Figure 1. The relationship between atrial fibrillation, inflammation, and thrombosis. The AF boxes indicate areas where atrial fibrillation can affect or is affected by the mechanisms linking inflammation and thrombosis, as described in the text. AF, atrial fibrillation; IFN, interferon; IL, interleukin; PAI-1, plasminogen activator inhibitor-1; TNF, tumor necrosis factor; vWF, von Willebrand factor.

Atrial fibrillation and thrombosis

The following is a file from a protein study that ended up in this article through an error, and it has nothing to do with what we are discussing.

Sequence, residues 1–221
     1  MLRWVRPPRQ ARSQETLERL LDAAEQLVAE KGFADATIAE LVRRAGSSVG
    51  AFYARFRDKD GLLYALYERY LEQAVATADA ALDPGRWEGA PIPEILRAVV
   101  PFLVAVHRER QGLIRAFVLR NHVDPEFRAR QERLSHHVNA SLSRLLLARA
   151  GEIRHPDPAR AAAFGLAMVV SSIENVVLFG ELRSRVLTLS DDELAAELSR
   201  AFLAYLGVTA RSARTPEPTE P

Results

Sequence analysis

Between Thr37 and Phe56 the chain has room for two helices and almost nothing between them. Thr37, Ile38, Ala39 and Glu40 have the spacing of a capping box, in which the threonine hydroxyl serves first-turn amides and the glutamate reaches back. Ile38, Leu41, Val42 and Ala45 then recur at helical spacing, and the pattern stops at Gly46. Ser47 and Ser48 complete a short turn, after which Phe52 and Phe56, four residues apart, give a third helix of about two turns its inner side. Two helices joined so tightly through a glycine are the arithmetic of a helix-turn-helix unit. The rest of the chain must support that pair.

It is established that AF is associated with atrial thrombus formation and peripheral embolization, which often leads to the occurrence of stroke or other major thromboembolic complications. The latter represents a major clinical problem as, on average, the risk of thromboembolism-related stroke risk is over 2% per year in AF patients. During episodes of fast AF, blood flow is turbulent and much slower in the atria, particularly in the left atrial appendage, which is a major site of thrombus formation in AF patients. In relation to thrombus formation in this scenario, the question has emerged as to whether turbulence and relative flow stasis in the atria can explain the whole process. Current evidence, however, suggests that formation of thrombi in AF is the result of several variables. It is thought that the components of the “Virchow's triad” (ie, blood coagulation status, vessel wall-related factors, and a reduced blood flow) are principally responsible. Blood stasis, a hypercoagulable state, and endothelial dysfunction are all present in patients with AF and, indeed, most of the current strategies for prevention of stroke in AF patients are based on tackling both the problem of flow “turbulence” and the procoagulant state present in AF. To avoid atrial blood stasis, attempts are made to revert AF to sinus rhythm with the use of electrical or pharmacological cardioversion and, more recently, pulmonary vein isolation. Interestingly, no significant prognostic improvement has been achieved with this approach compared to rate control. Regarding the hypercoagulable state, anticoagulant therapy has been shown to be more effective than placebo or antiplatelet agents to prevent thromboembolic complications in AF. However, the third factor in Virchow's triad, ie, problems with the biology of the vessel/vascular tissue, typically endothelial dysfunction, has not yet been addressed fully as a potential therapeutic target. Could this be at least one of the reasons why some patients (1.1% to 1.7% per year) develop some form of systemic embolism or suffer a stroke despite the use of anticoagulant therapy?